2. Translate military skills on your resume in an understandable manner for recruiters.
While some skills like being a marksman, diffusing time-sensitive threats, or overseeing the distribution of tankers might not necessarily transfer directly into corporate buzzwords, the skills needed to accomplish those tasks can be utilized for success in a corporate environment. Some of these skills could be re-categorized as having the ability to “assess the situation, work well under pressure, ability to give and take orders in a high-stress situation, strategize and prioritize, and calculate the downward effects of potential actions”.
Brooke also elaborates on how to view your skills from a different perspective: “It comes down to a strategic mindset. It’s taking a basic task and breaking it out into separate entities from a corporate mindset on how and what skills can translate to working that specific position and that is a hard thing to capture. If you’re not in the corporate bubble and you’re not hearing these buzzwords all the time or seeing how teams are functioning, including what the project work entails, it gets really hard to compare what you’re doing from a military standpoint into a corporate setting.”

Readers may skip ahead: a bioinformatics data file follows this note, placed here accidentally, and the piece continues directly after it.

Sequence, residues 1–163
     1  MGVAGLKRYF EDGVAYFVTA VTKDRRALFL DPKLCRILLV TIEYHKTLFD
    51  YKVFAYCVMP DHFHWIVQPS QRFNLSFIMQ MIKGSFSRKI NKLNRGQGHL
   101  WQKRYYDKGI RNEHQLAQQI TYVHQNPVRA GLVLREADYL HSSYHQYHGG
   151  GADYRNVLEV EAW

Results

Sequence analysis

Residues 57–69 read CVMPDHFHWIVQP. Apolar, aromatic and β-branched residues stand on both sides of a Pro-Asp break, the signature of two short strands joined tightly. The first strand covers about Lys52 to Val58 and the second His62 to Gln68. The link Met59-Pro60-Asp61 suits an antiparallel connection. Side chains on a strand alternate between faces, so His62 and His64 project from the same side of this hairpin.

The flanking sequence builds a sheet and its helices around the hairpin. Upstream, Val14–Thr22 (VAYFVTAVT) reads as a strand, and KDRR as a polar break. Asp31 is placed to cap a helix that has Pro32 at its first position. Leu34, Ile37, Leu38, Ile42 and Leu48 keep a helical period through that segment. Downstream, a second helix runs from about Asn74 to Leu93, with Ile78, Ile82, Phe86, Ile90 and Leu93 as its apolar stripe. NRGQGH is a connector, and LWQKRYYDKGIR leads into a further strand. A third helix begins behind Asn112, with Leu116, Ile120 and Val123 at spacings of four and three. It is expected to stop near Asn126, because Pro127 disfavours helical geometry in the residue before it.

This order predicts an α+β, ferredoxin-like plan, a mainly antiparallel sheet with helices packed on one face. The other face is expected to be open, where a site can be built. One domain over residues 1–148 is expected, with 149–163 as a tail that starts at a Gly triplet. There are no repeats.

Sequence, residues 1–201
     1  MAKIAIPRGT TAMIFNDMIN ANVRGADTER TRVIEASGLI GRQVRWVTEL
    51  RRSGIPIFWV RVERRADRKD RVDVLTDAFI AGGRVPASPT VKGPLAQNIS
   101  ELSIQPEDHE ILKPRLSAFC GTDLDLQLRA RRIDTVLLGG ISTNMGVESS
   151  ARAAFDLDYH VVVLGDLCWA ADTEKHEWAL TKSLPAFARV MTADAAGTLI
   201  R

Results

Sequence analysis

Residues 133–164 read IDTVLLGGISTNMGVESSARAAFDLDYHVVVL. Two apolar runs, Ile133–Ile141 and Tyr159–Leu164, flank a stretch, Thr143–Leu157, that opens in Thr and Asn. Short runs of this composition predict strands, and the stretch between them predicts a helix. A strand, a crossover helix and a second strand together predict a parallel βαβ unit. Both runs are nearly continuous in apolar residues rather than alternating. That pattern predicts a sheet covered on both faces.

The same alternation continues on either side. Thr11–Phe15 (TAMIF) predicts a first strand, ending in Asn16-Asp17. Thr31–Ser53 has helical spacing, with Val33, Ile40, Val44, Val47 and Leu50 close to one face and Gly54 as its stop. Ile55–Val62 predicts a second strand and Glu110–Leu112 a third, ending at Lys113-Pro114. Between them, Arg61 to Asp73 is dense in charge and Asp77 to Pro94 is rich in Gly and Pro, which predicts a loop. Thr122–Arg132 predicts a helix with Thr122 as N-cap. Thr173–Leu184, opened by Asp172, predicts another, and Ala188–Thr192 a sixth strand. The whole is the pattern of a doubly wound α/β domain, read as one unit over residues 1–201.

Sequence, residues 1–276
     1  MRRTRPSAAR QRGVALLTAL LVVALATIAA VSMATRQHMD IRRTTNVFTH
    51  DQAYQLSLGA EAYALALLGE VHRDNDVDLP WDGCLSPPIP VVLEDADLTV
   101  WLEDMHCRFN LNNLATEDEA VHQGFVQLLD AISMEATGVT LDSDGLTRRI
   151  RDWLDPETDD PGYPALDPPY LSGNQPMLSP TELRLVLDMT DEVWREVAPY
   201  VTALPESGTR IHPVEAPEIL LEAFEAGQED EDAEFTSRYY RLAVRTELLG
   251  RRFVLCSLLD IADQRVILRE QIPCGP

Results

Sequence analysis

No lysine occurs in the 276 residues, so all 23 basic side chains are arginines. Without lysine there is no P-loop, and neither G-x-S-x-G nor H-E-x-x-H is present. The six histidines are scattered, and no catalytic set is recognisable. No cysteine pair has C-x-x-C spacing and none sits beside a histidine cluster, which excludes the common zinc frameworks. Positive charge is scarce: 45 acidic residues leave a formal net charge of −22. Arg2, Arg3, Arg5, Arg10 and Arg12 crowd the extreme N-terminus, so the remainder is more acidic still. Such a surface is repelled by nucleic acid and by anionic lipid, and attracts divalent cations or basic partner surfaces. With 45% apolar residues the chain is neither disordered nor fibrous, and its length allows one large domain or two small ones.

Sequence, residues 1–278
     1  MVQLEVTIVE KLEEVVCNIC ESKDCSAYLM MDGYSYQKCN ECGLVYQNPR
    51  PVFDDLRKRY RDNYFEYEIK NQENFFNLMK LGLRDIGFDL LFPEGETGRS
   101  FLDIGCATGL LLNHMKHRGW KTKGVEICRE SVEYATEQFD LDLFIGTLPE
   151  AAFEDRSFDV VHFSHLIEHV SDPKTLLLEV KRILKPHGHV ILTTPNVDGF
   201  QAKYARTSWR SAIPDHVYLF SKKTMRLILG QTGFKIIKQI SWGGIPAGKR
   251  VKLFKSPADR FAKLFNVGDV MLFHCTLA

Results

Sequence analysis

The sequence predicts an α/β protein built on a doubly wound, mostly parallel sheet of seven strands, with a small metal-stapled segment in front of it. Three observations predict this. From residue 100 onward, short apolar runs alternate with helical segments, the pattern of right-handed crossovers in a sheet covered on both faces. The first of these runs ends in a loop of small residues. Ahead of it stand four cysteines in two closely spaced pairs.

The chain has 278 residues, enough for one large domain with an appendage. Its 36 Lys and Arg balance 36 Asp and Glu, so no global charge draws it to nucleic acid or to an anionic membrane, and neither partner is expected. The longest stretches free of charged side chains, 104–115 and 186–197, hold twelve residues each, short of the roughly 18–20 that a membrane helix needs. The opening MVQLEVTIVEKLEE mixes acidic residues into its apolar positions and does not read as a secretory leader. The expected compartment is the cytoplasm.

Another point to keep in mind is that Schwab prides itself on values of trust, innovation, teamwork, and being stewards – values similar to those in the military. The same service veterans provided to their country and others can also be easily transferred to serving a community of people focused on providing financial wellness.
If this is an area that you’re struggling to navigate, a Civilian to Military Translator tool can help with bridging the gap between civilian and military roles.
3. Reach for the S.T.A.R.s
Here at Schwab, we use a behavioral-based interviewing methodology called the S.T.A.R. Method. S.T.A.R. stands for Situation, Task, Action, Result. This type of interviewing methodology allows recruiters and hiring managers alike to ask situational questions and get specific answers from candidates. This is a common style that many other companies use as well. To be successful throughout the interview process, Brooke recommends that once you are interviewing with the recruiter, “Come prepared with a rolodex of specific examples that relate to the job at hand. For example, if you are interviewing for a client-facing role, have a few samples of a time you went above and beyond to serve a client while still staying compliant ready to go. Having ideas of examples prepared alleviates panic during an already potentially stressful experience. Also, show your personality! Expand on your answers and show excitement in your voice and body language. We love to see passion in the corporate world. We want to know who you are.”